From the tousled curls of his jet-black hair, and his sculpted lips and cheekbones, to the drape of the One-Percenter suit beneath his gorgeous wool coat, everything about Rand Sterling Winston IV was icy perfection. Even the sidewalk salt on his shoes looked like decorator frosting.
Still, Dani would bet serious money that the man’s veneer was as fake as her knockoff Blahniks, meticulously designed to hide his true colors. She didn’t know what danger lurked behind Winston’s aloof facade, but it snagged her attention, making it almost impossible for her to focus on anything else. The guy was like black ice, she decided. Cold and slick on the surface, dark and dirty underneath. The perfect kind of target for a frigid Boston night.
Glancing up from her papers, Dani looked past Winston once more to the wall of paintings beyond, completely unsurprised to feel the man’s gaze narrow on her across the room. Frauds knew when they were being checked out. So did control freaks. She amended her assessment to add that to the tally of Winston’s impressive list of qualities.
Still, that stare was her cue. Clutching her clipboard officiously, she stepped out from behind the counter to stride across the gallery floor. Just as she reached Tall, Dark, and Loaded, however, she met his gaze for half a second, then veered out of the way.
He hadn’t expected to have to speak to get her attention, she knew. His beautiful face looked more surprised than it probably had at any point in the last six months. Score one for her side. “I’m sorry, sir,” Dani said. “If you’ll excuse me. I have to remove a painting.”
“Remove one?” He frowned at her, the sheer command in his voice keeping her in place as much as the subtle shift of his body. He was taller than she’d expected. At five foot ten without the stilettos, Dani wasn’t used to having anyone look down at her, and she didn’t have to feign the chilliness of her smile as Winston blocked her path, reminding her of her initial evaluation of him.
Black ice could be deceptive, too, and Silver Spoon seemed a lot more treacherous up close than he had from across the room. Her pulse was thrumming now, all senses on alert.
“Yes. Now, if you’ll excuse me—”
Winston’s smile curved the edge of his mouth, his eyes predatory. “But the showing has only just started. Surely you can’t have a buyer so soon.”
Dani’s return smile was all teeth. “I apologize, but”—she waved her hand over her clipboard —“I’m afraid we do. A bid for twice this piece’s stated price has come in from one of our wealthiest patrons.” She turned and studied the painting dispassionately. “He was quite insistent that it come off the wall immediately.”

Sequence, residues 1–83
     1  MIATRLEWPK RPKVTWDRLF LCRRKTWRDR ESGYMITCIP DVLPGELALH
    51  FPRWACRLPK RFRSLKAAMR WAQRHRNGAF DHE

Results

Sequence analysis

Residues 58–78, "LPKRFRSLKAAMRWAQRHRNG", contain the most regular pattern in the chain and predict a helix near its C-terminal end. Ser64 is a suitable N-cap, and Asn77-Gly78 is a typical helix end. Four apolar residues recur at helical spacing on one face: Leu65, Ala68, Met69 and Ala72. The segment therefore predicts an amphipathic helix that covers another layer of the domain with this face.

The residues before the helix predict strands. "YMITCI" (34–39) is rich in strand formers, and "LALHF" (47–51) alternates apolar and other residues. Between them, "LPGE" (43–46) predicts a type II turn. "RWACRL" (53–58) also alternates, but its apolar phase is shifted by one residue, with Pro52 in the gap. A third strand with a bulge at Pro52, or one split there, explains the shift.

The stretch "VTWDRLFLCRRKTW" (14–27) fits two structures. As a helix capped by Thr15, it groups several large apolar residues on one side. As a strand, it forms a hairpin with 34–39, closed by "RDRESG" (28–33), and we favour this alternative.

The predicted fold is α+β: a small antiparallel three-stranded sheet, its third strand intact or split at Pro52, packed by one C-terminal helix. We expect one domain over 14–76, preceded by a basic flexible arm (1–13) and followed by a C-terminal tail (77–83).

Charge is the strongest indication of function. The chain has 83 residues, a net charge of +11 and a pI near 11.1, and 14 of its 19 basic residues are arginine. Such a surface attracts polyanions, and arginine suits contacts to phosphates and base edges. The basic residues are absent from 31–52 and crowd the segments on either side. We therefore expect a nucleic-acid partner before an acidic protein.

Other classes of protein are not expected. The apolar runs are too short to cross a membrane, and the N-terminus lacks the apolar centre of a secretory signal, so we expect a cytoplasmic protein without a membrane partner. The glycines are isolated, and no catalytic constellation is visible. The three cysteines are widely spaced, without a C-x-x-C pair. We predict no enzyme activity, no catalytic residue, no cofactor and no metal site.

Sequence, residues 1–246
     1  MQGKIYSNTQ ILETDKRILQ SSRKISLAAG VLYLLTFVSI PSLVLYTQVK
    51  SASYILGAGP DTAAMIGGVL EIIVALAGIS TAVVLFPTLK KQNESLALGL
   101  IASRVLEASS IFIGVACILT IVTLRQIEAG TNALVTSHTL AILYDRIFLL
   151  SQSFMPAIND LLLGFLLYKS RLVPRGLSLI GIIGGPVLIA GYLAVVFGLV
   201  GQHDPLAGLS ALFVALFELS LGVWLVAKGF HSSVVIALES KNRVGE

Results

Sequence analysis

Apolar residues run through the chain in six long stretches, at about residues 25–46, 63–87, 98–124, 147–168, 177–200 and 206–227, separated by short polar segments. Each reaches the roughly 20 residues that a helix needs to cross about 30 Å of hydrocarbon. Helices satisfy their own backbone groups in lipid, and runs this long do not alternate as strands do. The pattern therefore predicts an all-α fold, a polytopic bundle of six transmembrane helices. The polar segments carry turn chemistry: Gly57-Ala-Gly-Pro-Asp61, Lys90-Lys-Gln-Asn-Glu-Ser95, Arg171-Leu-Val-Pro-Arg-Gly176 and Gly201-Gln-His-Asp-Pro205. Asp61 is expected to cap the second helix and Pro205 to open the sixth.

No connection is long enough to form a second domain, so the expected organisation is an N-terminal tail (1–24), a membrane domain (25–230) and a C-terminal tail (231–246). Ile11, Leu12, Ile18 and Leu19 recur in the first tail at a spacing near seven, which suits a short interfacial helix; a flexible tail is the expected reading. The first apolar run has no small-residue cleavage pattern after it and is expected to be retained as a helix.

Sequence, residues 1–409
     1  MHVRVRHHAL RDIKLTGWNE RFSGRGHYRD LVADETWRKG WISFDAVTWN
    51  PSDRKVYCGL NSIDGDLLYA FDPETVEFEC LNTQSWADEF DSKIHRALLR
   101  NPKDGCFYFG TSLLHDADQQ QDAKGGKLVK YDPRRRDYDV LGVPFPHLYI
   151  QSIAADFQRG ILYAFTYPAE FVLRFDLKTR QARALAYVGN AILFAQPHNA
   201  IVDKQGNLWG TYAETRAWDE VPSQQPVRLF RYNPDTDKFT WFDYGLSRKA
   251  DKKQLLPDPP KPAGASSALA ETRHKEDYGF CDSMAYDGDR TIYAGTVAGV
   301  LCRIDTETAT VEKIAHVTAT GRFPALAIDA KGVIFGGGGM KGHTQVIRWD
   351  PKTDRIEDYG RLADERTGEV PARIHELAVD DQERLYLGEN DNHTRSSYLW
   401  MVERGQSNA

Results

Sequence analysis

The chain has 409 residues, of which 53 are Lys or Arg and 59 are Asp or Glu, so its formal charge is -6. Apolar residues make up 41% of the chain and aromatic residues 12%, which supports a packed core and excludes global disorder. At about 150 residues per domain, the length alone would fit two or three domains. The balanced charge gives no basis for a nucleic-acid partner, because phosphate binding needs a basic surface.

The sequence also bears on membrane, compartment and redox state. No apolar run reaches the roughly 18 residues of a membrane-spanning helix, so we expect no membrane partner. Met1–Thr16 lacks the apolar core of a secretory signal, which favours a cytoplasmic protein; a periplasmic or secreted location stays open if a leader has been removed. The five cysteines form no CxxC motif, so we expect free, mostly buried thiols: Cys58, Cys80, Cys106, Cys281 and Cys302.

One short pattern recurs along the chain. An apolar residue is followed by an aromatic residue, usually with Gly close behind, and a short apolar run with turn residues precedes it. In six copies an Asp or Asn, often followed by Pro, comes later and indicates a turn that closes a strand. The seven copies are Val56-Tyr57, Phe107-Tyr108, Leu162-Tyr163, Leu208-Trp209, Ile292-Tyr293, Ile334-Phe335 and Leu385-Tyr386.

“I seriously doubt he is your wealthiest patron here tonight.” The cool, condescending voice dripped money, but it wasn’t Winston who spoke this time. Dani glanced over to his lapdog, surprised to see intelligence flicker in the woman’s jaded eyes. “Except we only stopped in because of the wind, and now we’re leaving.”
Dani lifted her own eyebrow in perfect counterpoint. “I am so relieved to hear that.”
“Why that piece?”
She turned back to her mark, who wasn’t looking at her anymore, but at the small painting on the wall. “It’s amateurish at best.”
“Raw, I believe were his words. Yes . . .” Dani returned her gaze to the wall with equal gravity.
“Dark. Forbidden.” She sensed the moment when Winston’s attention slipped off the painting and rested once more on her face. She met his cold eyes without flinching, her manner still polite but firm. “Who’s to say what captures an art lover’s interest though? Now thank you, but I must—”
“Triple the price.” His voice was bored, but Dani froze. Just as her own internal script demanded, her mouth opened in a soft O before she attempted speech again.
“I’m sorry, sir?”
“Rand . . .” Ice Barbie was tugging at his arm. “We’re already late.”
But Rand ignored her. He pulled a card out of his jacket, which he flourished at Dani. When she didn’t make a move for it, he slid it onto her clipboard. Even his fingers were beautiful, she realized. Long and hard and cruel. “I’m certain I have an account with this gallery,” he said. “If not, I will by morning. I’d like to have the painting marked as sold, to me, immediately. You can keep it on the wall.”
“Ahhh, of course Mister, hmmm . . .” Dani frowned down at the card, knowing she had already won. Now she was just pushing her luck, pretending not to recognize Rand’s name when surely she would have heard of him, if she was really an employee of the gallery. At the last minute, better judgment ruled. “Oh.” She brought her gaze up quickly, letting her eyes go wide.
“Yes, ‘Oh.’” Rand’s arm candy snorted. “Now, please, Rand, can we go?”
Rand held Dani’s gaze for a long, harrowing moment, and she forced herself not to tense up. The close was by far the most difficult part of the entire scam for her, but usually that was because she had a problem with gloating. This time, however, she wasn’t feeling cocky, exactly. Rand’s eyes were dark and challenging, the fire in their mocking depths promising the kind of pleasure Dani hadn’t experienced in a long, long time. The kind of pleasure he clearly craved, the way a drowning man craved air.
The kind of pleasure he wanted to give to her
Black ice, baby.